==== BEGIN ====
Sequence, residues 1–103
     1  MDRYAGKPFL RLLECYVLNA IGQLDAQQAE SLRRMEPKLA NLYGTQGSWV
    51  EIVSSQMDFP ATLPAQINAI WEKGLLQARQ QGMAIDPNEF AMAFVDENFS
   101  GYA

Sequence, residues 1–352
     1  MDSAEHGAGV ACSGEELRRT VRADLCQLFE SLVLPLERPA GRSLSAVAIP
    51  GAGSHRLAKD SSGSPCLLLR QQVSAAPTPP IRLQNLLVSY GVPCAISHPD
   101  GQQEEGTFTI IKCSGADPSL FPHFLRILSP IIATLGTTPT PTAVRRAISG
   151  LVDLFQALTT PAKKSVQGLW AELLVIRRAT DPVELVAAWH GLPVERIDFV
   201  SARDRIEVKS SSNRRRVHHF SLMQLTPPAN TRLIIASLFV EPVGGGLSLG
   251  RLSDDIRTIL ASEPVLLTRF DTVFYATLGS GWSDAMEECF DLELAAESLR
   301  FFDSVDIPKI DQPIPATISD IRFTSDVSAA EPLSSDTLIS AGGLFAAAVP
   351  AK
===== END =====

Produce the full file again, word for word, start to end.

Sequence, residues 1–103
     1  MDRYAGKPFL RLLECYVLNA IGQLDAQQAE SLRRMEPKLA NLYGTQGSWV
    51  EIVSSQMDFP ATLPAQINAI WEKGLLQARQ QGMAIDPNEF AMAFVDENFS
   101  GYA

Sequence, residues 1–352
     1  MDSAEHGAGV ACSGEELRRT VRADLCQLFE SLVLPLERPA GRSLSAVAIP
    51  GAGSHRLAKD SSGSPCLLLR QQVSAAPTPP IRLQNLLVSY GVPCAISHPD
   101  GQQEEGTFTI IKCSGADPSL FPHFLRILSP IIATLGTTPT PTAVRRAISG
   151  LVDLFQALTT PAKKSVQGLW AELLVIRRAT DPVELVAAWH GLPVERIDFV
   201  SARDRIEVKS SSNRRRVHHF SLMQLTPPAN TRLIIASLFV EPVGGGLSLG
   251  RLSDDIRTIL ASEPVLLTRF DTVFYATLGS GWSDAMEECF DLELAAESLR
   301  FFDSVDIPKI DQPIPATISD IRFTSDVSAA EPLSSDTLIS AGGLFAAAVP
   351  AK